Blizzard Shuts Down Federal Government

July 7, 2008 - 7:02 PM

Washington (CNSNews.com) - A winter storm blew through the nation's capital Tuesday dumping more than six inches of snow on Capitol Hill and shutting down the federal government.

Only a few hearty souls braved the 30-mph wind gusts and slush-filled streets to staff the few congressional offices that opened for business on a day when "liberal leave" was the operative phrase.

"It's a real skeleton crew here today," a member of Sen. Paul Coverdell's (R-GA) staff told CNSNews.com. "I'd say about 90 percent stayed home. Mostly just people who live near the Capitol came in."

Among the Capitol employees to brave the icy roads and arrive at work Tuesday was Officer D.L. Murphy of the US Capitol Police Department. He told CNSNews.com that he drove in to his job at the Hart Senate Office Building from his home a few miles away in the Washington suburbs of southern Maryland.

"It took about an hour and fifteen minutes," said Murphy. He added that he is originally from Vermont and is quite used to snow. "My mom calls me when it snows down here, because she knows how it is in Washington."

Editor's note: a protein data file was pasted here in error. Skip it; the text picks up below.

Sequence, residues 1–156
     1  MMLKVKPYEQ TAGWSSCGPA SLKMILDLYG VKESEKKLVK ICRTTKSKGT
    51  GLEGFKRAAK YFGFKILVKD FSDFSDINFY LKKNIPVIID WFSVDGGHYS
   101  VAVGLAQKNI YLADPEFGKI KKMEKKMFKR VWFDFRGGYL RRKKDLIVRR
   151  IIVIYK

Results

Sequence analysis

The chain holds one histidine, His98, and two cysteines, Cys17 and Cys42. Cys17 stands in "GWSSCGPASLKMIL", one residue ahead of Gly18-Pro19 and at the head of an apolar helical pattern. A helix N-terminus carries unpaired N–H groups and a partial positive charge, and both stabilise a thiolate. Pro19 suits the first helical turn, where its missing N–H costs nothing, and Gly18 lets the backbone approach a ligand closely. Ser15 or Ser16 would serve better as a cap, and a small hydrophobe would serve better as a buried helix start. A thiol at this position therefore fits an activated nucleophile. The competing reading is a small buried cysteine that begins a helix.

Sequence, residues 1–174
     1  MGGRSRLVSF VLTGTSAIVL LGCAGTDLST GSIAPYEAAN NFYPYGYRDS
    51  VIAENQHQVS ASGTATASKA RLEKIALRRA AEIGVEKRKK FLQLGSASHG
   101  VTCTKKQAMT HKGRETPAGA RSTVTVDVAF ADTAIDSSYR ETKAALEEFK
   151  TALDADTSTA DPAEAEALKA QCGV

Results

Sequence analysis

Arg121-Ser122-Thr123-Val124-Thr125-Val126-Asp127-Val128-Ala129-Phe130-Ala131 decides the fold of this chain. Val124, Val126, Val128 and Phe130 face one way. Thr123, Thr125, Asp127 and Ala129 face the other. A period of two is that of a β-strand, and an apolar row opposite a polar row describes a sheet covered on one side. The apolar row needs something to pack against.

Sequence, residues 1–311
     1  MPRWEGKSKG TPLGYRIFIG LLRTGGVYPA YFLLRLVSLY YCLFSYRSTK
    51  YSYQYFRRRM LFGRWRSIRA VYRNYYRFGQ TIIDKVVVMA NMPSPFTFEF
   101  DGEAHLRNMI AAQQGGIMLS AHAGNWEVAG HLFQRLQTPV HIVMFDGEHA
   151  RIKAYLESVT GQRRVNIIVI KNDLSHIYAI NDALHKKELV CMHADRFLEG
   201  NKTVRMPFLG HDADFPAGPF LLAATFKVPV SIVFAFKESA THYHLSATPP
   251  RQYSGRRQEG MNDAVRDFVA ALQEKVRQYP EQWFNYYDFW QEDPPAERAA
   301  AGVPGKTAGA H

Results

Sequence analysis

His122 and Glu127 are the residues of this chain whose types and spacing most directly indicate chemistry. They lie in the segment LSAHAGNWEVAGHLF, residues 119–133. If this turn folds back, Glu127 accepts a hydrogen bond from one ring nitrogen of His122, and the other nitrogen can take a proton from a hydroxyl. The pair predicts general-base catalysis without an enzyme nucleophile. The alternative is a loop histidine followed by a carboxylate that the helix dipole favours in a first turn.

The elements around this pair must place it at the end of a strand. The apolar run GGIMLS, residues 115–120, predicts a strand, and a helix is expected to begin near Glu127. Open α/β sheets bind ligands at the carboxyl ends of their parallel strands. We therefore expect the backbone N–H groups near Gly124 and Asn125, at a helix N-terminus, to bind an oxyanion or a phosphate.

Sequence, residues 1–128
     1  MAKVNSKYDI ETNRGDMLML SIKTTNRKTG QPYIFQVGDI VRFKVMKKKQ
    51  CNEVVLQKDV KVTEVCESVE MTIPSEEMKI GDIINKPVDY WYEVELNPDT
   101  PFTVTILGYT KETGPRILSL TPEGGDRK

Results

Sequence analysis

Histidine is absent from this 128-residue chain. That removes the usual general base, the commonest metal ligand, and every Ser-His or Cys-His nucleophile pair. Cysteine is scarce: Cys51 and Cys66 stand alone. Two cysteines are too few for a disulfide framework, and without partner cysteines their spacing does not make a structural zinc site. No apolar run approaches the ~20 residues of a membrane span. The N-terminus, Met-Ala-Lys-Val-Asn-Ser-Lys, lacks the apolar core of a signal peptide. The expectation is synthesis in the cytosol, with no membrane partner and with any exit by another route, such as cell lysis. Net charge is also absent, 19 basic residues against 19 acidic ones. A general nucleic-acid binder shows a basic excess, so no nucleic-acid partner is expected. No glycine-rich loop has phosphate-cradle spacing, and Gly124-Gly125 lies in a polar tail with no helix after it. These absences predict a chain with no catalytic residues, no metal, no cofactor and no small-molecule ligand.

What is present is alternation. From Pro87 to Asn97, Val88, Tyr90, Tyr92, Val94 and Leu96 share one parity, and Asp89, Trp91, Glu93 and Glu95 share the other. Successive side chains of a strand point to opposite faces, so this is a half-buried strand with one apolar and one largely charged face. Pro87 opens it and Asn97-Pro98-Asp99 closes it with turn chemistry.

Heavy snowfalls that cripple the government are nothing new to Washington. The last time a blizzard hit the city and forced the closure of federal offices was in 1995, according to US Weather Bureau statistics. That storm shut down the government for several days.

Many offices in the normally bustling Hart Senate Office Building were thinly staffed but some, such as Sen. George Voinovich's (R-OH), were almost operating as normal, although staffers were prepared to leave early if the snowfall got worse. Forcasters were predicting as much as 16 inches of snow before the storm ended. Voinovich was at the Senate working on the budget, press secretary Mike Dawson told CNSNews.com.

Another Senate office that was running almost normally was Sen. Arlen Specter's (R-PA). His receptionist told CNSNews.com that Specter was holding a hearing for the Medical Services subcommittee.

But other offices, such as Sen. Dan Inouye's (D-HI) were completely closed for the day. "This office is closed due to the weather conditions," read a note on Inouye's office door.